I did say earlier in the post that it was a 'crude diagram'. Now I certainly
agree that there are poets who make a difference over here, what I was
thinking of more was the tenor of the magazines. Pastoral bubbles away
happily in its mental swamp there. One could re-draw my 'diagram' in several
I'm not quite sure about the relevance of SALT to a consideration of poetry
in England, it's a fine list but I don't see it as being 'English', the only
English-based poets on it are Wilkinson and Duncan, are they not?
What I do find encouraging is the new editorial policy of Poetry Review,
it's early days yet, only the second issue under the new regime, but I've
certainly found it stimulating.
All the Best
A Chide's Alphabet
Painting Without Numbers
----- Original Message -----
From: "Douglas Barbour" <[log in to unmask]>
To: <[log in to unmask]>
Sent: Saturday, December 28, 2002 4:51 PM
Subject: Re: A Chide's Alphabet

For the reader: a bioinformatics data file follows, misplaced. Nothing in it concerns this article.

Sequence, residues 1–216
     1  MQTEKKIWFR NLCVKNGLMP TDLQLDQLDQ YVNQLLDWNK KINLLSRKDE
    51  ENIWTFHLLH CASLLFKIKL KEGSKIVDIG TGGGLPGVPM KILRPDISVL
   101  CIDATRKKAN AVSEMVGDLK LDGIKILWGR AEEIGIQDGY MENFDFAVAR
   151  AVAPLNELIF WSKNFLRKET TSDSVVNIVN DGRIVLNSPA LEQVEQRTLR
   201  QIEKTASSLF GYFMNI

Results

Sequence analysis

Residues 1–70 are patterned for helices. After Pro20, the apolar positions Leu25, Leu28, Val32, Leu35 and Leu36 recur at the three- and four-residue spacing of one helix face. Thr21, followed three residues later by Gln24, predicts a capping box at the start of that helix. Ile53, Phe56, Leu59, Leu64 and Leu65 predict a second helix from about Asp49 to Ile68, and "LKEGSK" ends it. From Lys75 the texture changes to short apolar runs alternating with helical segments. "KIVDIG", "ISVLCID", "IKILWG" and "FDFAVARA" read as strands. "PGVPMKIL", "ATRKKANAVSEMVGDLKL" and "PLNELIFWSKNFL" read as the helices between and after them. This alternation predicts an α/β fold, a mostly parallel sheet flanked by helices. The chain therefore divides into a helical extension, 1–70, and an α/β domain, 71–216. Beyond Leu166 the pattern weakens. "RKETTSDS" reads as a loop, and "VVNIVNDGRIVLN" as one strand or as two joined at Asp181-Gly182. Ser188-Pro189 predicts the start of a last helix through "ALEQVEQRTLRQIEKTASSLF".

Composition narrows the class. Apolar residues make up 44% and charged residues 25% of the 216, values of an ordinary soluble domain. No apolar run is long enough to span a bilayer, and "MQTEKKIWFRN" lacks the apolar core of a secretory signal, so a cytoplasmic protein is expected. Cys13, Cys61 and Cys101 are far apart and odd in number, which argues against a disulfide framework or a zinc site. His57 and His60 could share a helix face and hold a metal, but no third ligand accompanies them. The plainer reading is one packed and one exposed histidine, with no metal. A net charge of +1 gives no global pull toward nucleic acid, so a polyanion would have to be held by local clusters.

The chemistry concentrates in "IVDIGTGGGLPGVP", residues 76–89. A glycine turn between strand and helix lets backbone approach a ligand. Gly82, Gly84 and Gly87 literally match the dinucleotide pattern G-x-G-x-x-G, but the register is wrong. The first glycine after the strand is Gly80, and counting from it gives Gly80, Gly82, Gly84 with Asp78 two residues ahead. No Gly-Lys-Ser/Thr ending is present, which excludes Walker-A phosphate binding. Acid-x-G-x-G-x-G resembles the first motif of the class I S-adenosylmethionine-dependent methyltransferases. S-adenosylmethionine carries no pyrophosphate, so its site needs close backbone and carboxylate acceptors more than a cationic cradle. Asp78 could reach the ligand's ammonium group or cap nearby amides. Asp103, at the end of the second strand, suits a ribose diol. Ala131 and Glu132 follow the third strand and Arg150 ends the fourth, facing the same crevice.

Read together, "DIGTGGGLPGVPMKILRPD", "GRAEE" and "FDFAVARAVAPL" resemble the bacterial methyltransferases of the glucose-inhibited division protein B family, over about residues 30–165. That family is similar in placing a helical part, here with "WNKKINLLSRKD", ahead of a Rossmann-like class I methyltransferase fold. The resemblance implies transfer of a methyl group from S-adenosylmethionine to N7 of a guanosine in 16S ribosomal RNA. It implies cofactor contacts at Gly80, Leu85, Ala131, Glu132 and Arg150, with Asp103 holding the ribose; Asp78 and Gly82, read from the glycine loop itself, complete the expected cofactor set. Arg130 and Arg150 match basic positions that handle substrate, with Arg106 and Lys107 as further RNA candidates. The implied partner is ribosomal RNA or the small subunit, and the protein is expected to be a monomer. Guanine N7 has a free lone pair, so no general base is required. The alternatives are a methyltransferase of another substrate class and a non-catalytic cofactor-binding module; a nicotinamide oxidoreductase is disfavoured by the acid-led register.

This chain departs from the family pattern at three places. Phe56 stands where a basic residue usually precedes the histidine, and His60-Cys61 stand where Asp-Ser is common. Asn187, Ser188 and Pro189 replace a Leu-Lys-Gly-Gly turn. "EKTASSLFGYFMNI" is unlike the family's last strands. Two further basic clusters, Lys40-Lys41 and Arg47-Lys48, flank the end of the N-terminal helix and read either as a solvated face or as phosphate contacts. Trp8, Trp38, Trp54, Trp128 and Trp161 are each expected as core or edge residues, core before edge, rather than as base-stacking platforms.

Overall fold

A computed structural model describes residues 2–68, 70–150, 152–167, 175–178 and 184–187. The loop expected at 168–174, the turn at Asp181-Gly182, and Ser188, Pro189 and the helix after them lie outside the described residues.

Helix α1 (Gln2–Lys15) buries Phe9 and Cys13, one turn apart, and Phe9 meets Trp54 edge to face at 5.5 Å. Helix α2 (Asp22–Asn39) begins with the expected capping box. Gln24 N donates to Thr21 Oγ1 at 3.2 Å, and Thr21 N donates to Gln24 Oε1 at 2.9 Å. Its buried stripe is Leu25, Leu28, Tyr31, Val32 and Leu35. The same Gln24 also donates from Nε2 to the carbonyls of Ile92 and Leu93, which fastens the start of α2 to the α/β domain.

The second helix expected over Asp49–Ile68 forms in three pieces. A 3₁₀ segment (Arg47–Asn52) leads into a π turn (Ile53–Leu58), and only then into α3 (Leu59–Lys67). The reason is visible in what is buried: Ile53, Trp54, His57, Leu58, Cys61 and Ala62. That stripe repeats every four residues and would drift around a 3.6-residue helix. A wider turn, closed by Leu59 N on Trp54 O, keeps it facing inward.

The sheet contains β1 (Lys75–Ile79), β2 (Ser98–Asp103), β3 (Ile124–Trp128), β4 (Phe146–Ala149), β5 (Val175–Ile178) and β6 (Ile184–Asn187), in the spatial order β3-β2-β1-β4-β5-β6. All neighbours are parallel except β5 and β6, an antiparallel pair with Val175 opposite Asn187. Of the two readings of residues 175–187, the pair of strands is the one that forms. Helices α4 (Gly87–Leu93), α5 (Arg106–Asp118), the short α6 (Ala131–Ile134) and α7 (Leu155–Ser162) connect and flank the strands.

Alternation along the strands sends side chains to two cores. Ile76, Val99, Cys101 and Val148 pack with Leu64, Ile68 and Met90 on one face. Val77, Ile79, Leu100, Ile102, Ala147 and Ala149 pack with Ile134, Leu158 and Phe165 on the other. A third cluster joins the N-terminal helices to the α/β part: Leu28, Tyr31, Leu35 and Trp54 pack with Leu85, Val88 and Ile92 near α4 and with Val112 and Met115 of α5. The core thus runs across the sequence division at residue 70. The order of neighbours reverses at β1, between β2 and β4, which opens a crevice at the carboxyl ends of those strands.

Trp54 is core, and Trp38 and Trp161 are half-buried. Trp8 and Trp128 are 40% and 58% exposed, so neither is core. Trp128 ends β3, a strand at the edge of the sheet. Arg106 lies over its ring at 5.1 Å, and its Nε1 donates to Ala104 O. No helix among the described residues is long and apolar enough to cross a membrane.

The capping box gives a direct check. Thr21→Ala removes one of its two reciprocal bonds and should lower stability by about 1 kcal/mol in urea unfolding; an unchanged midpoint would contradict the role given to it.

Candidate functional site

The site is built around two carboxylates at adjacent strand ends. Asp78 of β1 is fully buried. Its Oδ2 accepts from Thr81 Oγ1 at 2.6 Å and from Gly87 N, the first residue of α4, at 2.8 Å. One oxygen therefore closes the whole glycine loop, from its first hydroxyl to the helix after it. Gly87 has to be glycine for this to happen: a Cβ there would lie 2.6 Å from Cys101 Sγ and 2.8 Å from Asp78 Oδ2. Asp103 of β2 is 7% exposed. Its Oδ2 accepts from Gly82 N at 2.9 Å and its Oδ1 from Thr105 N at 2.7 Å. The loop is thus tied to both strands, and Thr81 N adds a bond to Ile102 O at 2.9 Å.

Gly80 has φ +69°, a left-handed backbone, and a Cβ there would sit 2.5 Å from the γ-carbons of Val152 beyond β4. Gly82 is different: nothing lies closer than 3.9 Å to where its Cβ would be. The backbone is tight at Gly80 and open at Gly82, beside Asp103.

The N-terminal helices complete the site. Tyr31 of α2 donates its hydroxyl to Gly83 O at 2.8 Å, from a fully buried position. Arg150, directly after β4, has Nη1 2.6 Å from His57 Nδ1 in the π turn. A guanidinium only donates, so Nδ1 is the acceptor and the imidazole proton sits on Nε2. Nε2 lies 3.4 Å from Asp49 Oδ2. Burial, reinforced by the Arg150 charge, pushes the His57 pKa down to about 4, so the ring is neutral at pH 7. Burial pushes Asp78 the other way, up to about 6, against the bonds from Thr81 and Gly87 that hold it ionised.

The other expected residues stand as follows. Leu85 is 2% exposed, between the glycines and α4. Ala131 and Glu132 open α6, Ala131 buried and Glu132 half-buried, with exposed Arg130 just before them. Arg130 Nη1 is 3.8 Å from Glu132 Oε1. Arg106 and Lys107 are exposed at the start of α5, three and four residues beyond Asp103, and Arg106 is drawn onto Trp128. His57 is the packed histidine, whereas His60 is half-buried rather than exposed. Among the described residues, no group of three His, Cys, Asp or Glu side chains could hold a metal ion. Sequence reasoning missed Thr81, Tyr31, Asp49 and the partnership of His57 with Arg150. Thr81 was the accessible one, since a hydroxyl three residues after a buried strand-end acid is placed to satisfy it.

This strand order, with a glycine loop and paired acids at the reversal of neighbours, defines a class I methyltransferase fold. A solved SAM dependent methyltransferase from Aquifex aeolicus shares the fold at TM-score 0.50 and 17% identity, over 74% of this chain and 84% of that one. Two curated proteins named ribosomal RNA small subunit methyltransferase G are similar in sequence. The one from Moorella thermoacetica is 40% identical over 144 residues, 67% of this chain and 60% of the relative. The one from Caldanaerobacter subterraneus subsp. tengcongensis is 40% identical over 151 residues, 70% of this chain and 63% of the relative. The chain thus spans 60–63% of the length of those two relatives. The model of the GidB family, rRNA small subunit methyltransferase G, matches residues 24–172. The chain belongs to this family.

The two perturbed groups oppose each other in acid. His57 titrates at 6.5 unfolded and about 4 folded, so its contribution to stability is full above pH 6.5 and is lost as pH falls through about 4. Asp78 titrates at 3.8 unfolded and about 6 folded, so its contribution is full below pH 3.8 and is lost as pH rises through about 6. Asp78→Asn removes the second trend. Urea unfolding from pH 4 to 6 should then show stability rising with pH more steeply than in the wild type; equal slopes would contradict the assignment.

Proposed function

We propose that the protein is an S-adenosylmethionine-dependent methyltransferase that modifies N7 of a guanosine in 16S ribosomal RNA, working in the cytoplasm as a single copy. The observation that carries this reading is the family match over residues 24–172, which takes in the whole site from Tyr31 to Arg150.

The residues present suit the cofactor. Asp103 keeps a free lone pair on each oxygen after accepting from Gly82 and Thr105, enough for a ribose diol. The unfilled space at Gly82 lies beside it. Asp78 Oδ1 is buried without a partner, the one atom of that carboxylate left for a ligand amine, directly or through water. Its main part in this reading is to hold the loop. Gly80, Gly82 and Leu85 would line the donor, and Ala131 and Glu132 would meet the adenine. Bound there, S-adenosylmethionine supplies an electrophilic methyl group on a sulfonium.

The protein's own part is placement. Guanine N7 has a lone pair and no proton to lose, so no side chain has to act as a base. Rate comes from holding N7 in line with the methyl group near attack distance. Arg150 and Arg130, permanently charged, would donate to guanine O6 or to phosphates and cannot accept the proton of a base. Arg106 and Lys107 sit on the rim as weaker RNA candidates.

Surely you'll admit to making a wee bit of an overstatement here"
> Now I speak from England which has the longest
>established industrialised population in the world yet you'd be forgiven
>from our poetry for imagining that everyone here lived in twee little Lord
>of the Rings style hamlets. We need some honesty in poetry, and I find it
>far in the asking.
That question of honesty is a tough one, I admit, but although I don't read
a lot of British poetry, I'd say that different kinds of it do appear. Some
of the feminist writing I've seen (& I admit again it's not a lot), strikes
a chord, & certainly there's some post-industrial, not to mention
post-modern, work in the smaller presses, under the radar still, it seems,
but there, in such writers a Raworth (who's been around forever), Douglas
Oliver back when, Tony Lopez, etc. And even some of the apparently old
fashioned poems, when they come from a master like Thomas A Clark, are much
more than they seem. And one of our own (is he still here?), Matthew
Francis, is definitely not twee. I won't cross the irish sea, but Randolph
knows there's something happening outside of the famous one, & his own new
book from SALT is a sign too.
But varieties of 'honesty' perhaps?
Department of English
University of Alberta
Edmonton Alberta Canada T6G 2E5
(h)  436 3320 (b)  492 0521
There's that boat again
through winter trees
look at it
look at it
a perfect half-moon